Wednesday, September 10, 2008

Abu Dhabi

Getting to know a city is like getting to know somebody. It involves a similar dose of excitement, a comparable degree of openness, and a dash of mystery that make you wary at first. Then as you engage in the relationship, you get fascinated, disappointed, amused and saddened. It’s all of these emotions that besiege you and change you over time. These past couple of weeks, I have had a chance to feel Abu Dhabi in a way I hadn’t before.

1:00 PM. It’s Rush hour. I am not sure I know the reason. Whether it has to do with people who are heading home for their siesta at around lunch time or with children who are coming back from school, it’s when you could wait up to an hour in the scorching sun before you finally get in a cab.

The city—hot and humid, lively and imposing, neat and fresh—offers an impressing view of Arabia. Here, domes and minarets of traditional mosques rest in the shade of modern skyscrapers. There, recently -built boulevards ornamented with aligned palm trees are keeping up with gigantic roundabouts where hundreds of cars speed constantly. Not too far on the sidewalks, circles of construction workers are eating their lunch while calls for prayer reverberate loudly from everywhere. It’s a bizarre blend of wealth and poverty, arrogance and deference.

The people—a pot-pourri of nationalities and personalities: Filipinos, Egyptians, Indians, Pakistanis, Sri-Lankans, Europeans, Americans, Africans, and Emiratis. As the Arab men, dressed with their ‘kanduras’ walk around like the lords of the new era, the women, buried in their ‘abayas’ hold their Versace handbags in defiance. But under this interesting modern-day Babel lie a kaleidoscope of parallel lives that rub shoulders with one another with no chance of intersecting, a melting pot of hearts, souls and stories that can make or break your day in a second.

I was in a cab with my baby. The driver, in the rearview mirror, kept on starring at us. As he maneuvered his way to the jammed streets, he asked: “baby boy?”

“Yes”, I responded in a whisper.

“Nice baby”

“Thank you. Do you have kids?” As soon as I asked the question, I wish I could take it back. It’s a question that I vowed not to ask anyone.

“Yes, a boy”. He paused briefly. “A small baby, 5 months.”

Before I could respond, he pulled a picture out of nowhere and handed it to me. Before my eyes was a perfectly beautiful baby boy, bundled in a green overall. I opened my mouth to congratulate him, but he did not let me finish.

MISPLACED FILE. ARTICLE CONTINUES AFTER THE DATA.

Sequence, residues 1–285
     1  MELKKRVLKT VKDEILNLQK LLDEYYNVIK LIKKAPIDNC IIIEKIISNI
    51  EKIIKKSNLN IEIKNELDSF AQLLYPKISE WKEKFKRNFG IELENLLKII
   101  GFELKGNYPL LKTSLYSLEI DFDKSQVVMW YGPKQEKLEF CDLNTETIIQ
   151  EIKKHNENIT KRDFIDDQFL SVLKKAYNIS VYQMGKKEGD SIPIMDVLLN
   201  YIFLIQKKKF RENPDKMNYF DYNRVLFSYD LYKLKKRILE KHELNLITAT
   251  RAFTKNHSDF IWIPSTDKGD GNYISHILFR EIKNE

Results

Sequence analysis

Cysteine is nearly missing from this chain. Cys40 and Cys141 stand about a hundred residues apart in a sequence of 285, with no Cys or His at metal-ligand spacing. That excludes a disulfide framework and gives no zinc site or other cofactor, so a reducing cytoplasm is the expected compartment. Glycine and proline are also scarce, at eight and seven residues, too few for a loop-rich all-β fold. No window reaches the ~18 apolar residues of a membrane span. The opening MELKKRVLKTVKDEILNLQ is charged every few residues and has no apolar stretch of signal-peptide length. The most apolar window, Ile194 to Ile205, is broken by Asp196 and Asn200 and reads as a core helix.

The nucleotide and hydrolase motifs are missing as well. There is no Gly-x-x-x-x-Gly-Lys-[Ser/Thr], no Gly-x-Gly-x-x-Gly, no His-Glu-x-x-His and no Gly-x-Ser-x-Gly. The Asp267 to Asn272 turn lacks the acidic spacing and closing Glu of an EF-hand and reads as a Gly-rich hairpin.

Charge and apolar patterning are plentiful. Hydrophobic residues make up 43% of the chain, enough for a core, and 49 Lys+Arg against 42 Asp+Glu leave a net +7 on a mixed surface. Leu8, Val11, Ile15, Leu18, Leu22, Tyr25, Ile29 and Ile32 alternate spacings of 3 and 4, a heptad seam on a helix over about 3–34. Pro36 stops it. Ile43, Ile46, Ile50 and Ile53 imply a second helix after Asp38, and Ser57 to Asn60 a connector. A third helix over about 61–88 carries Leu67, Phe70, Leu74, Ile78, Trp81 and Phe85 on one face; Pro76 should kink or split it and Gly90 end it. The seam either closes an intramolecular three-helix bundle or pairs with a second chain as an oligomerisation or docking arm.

“My wife is dead”

I told him that I was sorry and asked about the cause of her death. He said quietly: “I am from Pakistan; I’ve been here 2 months”. I did not understand whether it was a change of topic or an explanation, but I said in more cheerful voice.

“See, you got a new president in Pakistan”

He answered “yes , very bad people”. As he insisted “very very bad people”, his eyes, void and yellow, projected a subtle gloom upon his smile. It took me fifteen minutes to get to where I needed to go, but my enthusiasm was gone.

Sunday, September 7, 2008

Becoming an adult

I don’t know exactly when I traded my young-adult status to mature status. I don’t think it has anything to do with turning 30. Indeed I know 40-something women who are in the best shape they have ever been—physically and emotionally. My husband was just teasing me for my sudden interest in politics and global warming, when I realized that it had been a while since I watched a movie, Fashion TV or read an entertainment magazine. CNN, CNBC, and ejunior are the three channels that we watch in our ‘free’ time. The rest of the time, I am running errands that have to do with my children.

Last time we had some time off, there wasn’t any time and energy for late night dinner, love making on the beach or any adventurous leisure. Going to amusement parks, museums, and children-focused activities were the only activities that were feasible. Furthermore, last time I went shopping, 90% of the stuff that I bought was for my children.

Yesterday, I was in a taxi and the driver asked me the usual “where you from?”


Here in Abu Dhabi I always answer Africa when asked that question—most people have never heard of Haiti, and I don’t have time to give geography lesson to everybody. Many people believe that Africa is just one country; so when I say ‘Africa’, the person often leaves me alone. But if he/she is a bit more aware of the world, he/she will ask: “where in Africa?”
Then I’ll say any country that comes to my mind. So far I’ve said Soudan, Senegal, South Africa, and Ivory Coast.

But yesterday the driver was in a chatty mood. After I answered ‘Senegal’, his questions kept on pouring” “How long have you been here?” “Why did you come here?”

The truth is I did not choose to come here. Coming here has chosen me, as have most of the things that have happened to me. I guess I did not choose to become a ‘mature’ woman, a ‘mature’ status has chosen me without my noticing it.